Sarah Guppy (November 1770 - August 1852), was the first woman to patent a bridge in 1811, which involved making safe piling for bridges. 


Through a friend, Isambard Kingdom Brunel, Guppy became involved in Great Western Railway working with the directors on various construction and travel projects and came up with the idea of planting willow trees and poplars to stabilise embankments.


Not limited to bridges and trains, Guppy was instrumental in lobbying for creating a network of local markets and traffic systems taking traffic out of the city and away from people’s homes avoiding unnecessary travel and a cleaner environment.

Published in Blog

Yesterday TfL revealed details of its new fund that will enable business groups to reduce car traffic, improve air quality, and mitigate the impacts of freight and van traffic in urban areas.

The fund follows on from the ‘Deliveries Reduction Fund’ which allocated £237,000 to business groups, including Team London Bridge for its cargo bike preferred suppliers scheme, which is currently being delivered by MP Smarter Travel.

The new fund at glance

  • Up to £50,000 from TfL per project, to be match-funded by the applicant or a sponsor
  • Open to Business Improvement Districts (BIDs) and partnerships
  • Funding available to projects that either reduce vehicle trips and improve air quality, or evaluate the effectiveness of sustainable transport solutions to share best practice
  • Quantifiable outcomes are key to successful application
  • There is no fixed funding budget or cap on the number of successful applications. Funding will be awarded to applications that score sufficiently high across all elements of the assessment criteria.
  • Deadline for submissions is 19 March 2019

In addition to our current Team London Bridge cargo bike project, MP Smarter Travel supported Better Bankside’s Borough Market consolidation centre, and our staff have produced Delivery and Servicing Plans (DPS) for high-profile London businesses as part of Cross River Partnership’s ‘Clean Air Better Business’ programme.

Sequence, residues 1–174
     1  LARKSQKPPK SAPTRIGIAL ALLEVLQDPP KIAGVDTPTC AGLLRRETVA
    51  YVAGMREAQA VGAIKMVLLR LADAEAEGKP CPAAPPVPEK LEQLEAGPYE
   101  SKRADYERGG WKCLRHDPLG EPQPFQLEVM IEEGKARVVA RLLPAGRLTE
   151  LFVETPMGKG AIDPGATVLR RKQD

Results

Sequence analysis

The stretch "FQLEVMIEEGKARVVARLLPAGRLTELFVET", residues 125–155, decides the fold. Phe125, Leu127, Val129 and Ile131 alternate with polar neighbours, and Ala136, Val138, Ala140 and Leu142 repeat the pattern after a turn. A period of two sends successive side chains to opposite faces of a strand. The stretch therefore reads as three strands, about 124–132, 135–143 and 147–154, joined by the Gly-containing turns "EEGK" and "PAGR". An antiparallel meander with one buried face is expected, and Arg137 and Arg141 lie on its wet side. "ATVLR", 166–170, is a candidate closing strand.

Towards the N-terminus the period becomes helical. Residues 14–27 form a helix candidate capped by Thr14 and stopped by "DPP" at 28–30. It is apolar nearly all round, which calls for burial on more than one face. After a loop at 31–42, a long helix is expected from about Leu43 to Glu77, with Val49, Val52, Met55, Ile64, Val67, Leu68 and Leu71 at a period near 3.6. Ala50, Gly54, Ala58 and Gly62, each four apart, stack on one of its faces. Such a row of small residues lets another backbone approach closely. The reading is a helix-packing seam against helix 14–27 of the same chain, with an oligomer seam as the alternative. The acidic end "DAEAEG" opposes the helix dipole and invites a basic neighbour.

How we can help you secure funding

Our consultants are available to support business groups with applications to the Healthy Streets for Business fund. Here is how we can help:

  • Support with developing creative and feasible project concepts
  • Sharing knowledge of sustainable transport measures and best practice
  • Baseline data capture, a key element of your application as project outcomes will need to be quantified
  • Linking your business group with other business groups who may wish to joint bid
  • A named project delivery partner with an excellent track record and project portfolio

Deliveries reduction project idea toolkit

MP Smarter Travel has developed a comprehensive summary of all known behaviour change measures to reduce the impact of deliveries and freight at the Business Improvement District level. To download this free resource, click here.

If you would like to discuss your options for applying to the Healthy Streets Fund for Business, contact Arun Khagram on 0207 960 2553 or ank@mpsmartertravel.co.uk.

Published in Blog

The report, entitled Healthy Streets: a Business View, summarises the findings of a survey of Business Improvement Districts (BIDs) regarding their attitudes towards the Healthy Streets Approach and their key project priorities.

According to the report, the overall message was that many BIDs strongly support the goals of the Healthy Streets Approach, even to the extent of being willing to contribute towards street changes. Only around half the BIDs rated their local area as good to walk or spend time in, and only just over a quarter said it was good for cycling.

Key report findings:

  • The top three types of interventions to improve the street environment proposed by BIDs were: improving public realm quality, reducing the amount of motor traffic, and improving pedestrian crossings.
  • Challenges included lack of funding and lack of organisational resources to deliver projects.
  • Places that performed better against the Healthy Streets Indicators tended to be those with priority for pedestrians over motor traffic, and places that performed worse tended to be dominated by motor traffic.
  • BIDs are interested in trialling schemes, including infrastructure schemes and projects to re-organise deliveries.

Key projects mentioned by BIDs:

  • Development of walking/cycling strategies to form a cohesive approach and unlock funding;
  • Reducing street clutter;
  • Increasing cycle parking and engaging with cyclists through a cycling forum; and
  • Reducing the number of motor vehicles, including measures to reduce the impact of delivery and servicing vehicles.


If you would like to discuss project ideas to improve the street environment feel free to get in touch.

Published in Blog